Due to its’ black crown with conspicuous black ‘hem’ on either side, resembling horns, earns its name. Down the meadow of Tsokar plane- this Horned Lark was found hovering for few seconds like pied kingfisher before plunging steeply here to ground. Horned Lark male displays this typical behavior to defend its nesting territory as Horned Lark nesting season commence from early spring. Female has streaked black crown with tiny horns.
Down below the Tsokar Monastery found this bird foraging on road at 4,553 m msl. Interestingly, Desert Wheatear is also found in hot desert of western part of India. Female has similar plumage but the rump and upper tail-coverts are more sandy brown, the lore, chin and throat pale buff and the dark parts of the tail brownish-black.
My initial predicament on the colour of Ladakhi birds made this bird to blush in pink-found this Common Rosefinch perching at low bush of gargling Shyok River bank of Nubra valley. This medium sized dumpy finch is sexually dimorphic bird and most widespread in Asia. The mature male has brilliant rosy-carmine head, breast and rump but females and young males are dull-colored with yellowish-brown above, brighter on the rump and greyer on head, buff below.....
Yet another colourful resident bird found in Ladakh is Güldenstädt's redstart- named after Johann Anton Güldenstädt, a Baltic German naturalist of Russian service. It is one of the largest redstart found in high mountains of southwestern and central Asia. After descending from the Khardung La adjacent to mountain stream at North Pullu village at 4,687 m msl, found this juvenile Güldenstädt's redstart perching on a large stone.
Tso Moriri, one of Ladakh's great high-altitude lakes, shimmers with an ever-changing series of reflections in its vivid blue waters happens to be favourite breeding ground for many waders. In one windy noon, found this duo-adult feeding juvenile with a small fish. In his landmark ethology (1914), Sir Julian Sorell Huxley, a British evolutionary biologist, immortalized its courtship display. Interestingly Great Creased Grebe believes in single parenting- in a clutch of two or more hatchlings, male and female grebes will each identify their 'favorites’, which they alone will care for and teach the survival skill....
Braving the chilly morning settling at salt crested earthen mound inside the dry and marshy Tsokar Tso for spotting this spectacular Black necked crane against the mesmerizing views around is itself enthralling. Against the sound gashing winds, alert ears longs to listen the bugling call of this vulnerable species. Found this lone Black necked crane foraging in the weavy golden-dry bed of Tsokar Tso. Every year, in March-April breeding pairs arrive-courtship display renews fidelity, incubates eggs, chicks are reared and chicks migrate with the parents in late October or early November to winter at lower latitudes. Solitude befalls, Tsokar waits for them for next year and thus life rolls.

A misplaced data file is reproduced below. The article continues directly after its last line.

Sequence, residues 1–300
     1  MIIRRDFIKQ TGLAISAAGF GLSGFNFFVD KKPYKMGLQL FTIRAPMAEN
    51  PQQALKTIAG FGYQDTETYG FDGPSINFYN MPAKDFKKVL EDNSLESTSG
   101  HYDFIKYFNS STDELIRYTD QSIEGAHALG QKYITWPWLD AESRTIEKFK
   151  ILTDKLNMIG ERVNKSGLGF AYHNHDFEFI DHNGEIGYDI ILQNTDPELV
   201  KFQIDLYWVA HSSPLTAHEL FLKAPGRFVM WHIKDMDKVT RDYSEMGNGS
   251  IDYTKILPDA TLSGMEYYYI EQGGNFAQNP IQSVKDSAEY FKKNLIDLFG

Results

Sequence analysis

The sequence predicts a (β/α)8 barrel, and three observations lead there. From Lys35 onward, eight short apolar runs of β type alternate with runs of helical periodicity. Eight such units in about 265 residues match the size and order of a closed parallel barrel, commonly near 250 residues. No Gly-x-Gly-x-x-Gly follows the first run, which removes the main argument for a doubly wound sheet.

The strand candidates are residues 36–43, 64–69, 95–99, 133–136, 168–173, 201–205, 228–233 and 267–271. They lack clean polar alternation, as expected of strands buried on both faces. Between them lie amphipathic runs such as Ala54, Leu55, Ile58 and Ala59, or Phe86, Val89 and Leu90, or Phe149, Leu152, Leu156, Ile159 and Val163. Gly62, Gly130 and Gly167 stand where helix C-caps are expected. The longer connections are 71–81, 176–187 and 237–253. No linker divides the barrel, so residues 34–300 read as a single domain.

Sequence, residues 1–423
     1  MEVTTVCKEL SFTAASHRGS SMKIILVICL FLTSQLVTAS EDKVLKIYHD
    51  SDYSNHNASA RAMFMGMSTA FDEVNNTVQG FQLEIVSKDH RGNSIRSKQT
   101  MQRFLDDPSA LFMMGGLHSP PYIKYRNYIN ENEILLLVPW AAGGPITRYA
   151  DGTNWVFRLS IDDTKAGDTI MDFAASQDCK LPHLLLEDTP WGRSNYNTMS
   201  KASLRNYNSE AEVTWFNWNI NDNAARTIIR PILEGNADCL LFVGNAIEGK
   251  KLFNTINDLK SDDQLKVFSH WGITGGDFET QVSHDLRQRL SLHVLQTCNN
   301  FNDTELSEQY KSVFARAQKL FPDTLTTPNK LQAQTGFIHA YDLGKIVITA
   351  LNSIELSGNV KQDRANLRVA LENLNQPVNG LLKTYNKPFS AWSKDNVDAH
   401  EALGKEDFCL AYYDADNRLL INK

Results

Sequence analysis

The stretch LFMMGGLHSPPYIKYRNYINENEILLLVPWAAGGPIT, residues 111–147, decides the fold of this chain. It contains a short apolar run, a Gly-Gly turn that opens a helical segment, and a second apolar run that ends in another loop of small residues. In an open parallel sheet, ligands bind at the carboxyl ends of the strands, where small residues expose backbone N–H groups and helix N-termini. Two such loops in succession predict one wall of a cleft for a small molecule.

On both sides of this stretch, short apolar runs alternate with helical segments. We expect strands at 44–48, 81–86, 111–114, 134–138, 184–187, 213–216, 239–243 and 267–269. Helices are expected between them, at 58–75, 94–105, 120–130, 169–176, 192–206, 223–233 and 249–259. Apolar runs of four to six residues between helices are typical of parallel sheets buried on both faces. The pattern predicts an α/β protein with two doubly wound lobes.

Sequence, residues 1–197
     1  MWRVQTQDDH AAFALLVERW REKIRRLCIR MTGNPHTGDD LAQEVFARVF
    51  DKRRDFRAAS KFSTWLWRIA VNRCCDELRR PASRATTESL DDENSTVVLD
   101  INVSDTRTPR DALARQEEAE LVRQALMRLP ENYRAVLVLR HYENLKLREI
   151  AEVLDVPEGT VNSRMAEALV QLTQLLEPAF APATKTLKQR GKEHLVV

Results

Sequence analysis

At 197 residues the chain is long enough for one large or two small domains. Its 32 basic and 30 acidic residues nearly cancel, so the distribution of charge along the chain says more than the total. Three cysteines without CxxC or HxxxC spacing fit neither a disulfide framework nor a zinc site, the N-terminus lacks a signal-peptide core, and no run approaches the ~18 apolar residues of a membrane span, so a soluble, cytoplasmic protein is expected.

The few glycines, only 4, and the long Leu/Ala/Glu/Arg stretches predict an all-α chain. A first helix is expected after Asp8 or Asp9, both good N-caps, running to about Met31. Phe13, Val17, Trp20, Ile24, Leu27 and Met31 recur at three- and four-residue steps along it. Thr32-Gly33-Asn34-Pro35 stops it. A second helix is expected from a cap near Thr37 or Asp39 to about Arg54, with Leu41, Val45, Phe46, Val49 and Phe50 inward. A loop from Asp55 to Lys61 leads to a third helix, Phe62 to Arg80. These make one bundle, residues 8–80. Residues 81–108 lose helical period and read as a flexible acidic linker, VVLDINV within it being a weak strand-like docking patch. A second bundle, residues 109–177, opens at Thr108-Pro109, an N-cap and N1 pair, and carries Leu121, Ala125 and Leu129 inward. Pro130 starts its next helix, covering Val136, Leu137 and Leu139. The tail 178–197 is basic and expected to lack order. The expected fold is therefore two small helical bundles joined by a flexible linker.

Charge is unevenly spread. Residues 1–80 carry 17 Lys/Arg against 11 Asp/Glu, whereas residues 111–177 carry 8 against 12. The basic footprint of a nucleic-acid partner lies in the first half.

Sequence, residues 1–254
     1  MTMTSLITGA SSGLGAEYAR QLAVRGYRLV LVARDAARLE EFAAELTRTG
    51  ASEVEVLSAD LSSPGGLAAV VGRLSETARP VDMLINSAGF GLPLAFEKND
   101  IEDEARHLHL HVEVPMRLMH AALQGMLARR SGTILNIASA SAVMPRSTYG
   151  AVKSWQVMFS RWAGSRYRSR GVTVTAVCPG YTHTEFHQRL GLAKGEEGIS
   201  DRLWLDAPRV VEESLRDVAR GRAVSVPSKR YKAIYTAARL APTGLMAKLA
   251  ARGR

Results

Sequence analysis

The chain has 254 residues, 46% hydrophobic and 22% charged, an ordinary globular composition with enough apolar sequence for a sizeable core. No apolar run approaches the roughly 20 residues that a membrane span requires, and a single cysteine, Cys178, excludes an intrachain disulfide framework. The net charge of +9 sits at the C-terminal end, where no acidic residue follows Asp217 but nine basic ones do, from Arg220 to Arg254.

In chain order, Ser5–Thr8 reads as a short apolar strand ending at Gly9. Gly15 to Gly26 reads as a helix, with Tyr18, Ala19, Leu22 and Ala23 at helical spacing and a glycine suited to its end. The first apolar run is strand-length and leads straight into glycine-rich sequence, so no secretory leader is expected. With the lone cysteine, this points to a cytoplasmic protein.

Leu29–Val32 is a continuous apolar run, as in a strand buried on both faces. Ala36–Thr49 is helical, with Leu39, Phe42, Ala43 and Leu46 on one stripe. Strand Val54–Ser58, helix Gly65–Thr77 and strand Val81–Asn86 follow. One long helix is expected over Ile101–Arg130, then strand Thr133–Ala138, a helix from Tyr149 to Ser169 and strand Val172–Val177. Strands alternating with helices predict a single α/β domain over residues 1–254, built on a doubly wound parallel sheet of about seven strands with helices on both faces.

While passing the Chang La pass, found this bone breaker-Lammergeyer or bearded vulture, a near threatened species, parching at mountain cleft. With its’ 2-3 m wingspan soars high in glistering blue sky to find carcass. In the spiritual love story ‘Samsar’ (2001) set in majestic landscape of Ladakh, Pan Nalin portrays its behavior in casting scene but dropping stone to kill lambs, of course is not its natural behaviour. Lammergeyer disdains eating flesh. It picks up bone, carrying them in flight to a height of 45-150 m above and then drops them onto rocks below, smashing into smaller pieces exposing the nutritious marrow and then swallows whole or bite through brittle bones. Its powerful digestive system quickly dissolves even large pieces.
Prayer wheels of Drukpa devout swirl - ‘Om Mani Peme Hung’- reverberate the rugged snow capped mountains, radiate boundless love towards the entire world-above, below and across unhindered, without ill will, without enmity. Tranquil the agitated souls, calms the mind renouncing earthy lusts. Here, peace and harmony intertwines into eternal timeless. Simplicity and inward happiness is life ethos. This is Ladakh-simply being here makes things learn. Wildlife, religion, spirituality and social life - all coexist in harmony. All appears exotic. Indebtedness mounts and with my gratitude, ‘thukjeche – Ladakh’.
Essentials: June to September is best time for birding at Ladakh. The easiest way to travel to Ladakh is by air. The nearest airport is Kushok Bakula Rimpochee Airport located in Leh. One can get government and private buses from Srinagar and Manali during June to September. If one travels by air, it is highly recommended to take rest at least for one day for acclimatization in this altitude. Though local buses are available but for reaching different destinations, car hire at fixed rates are available. Package hiring is also available roughly at Rs.5,000-5,500/- per day. Bike hiring charges Rs.1,500-2000/- per day. Bird guide charges Rs.2,500/- per day. Wide varieties of accommodations are available at Leh, Nubra and Pangon Tso but choices are limited at Tso-Moriri and Tso Kar. Advance booking is highly recommended.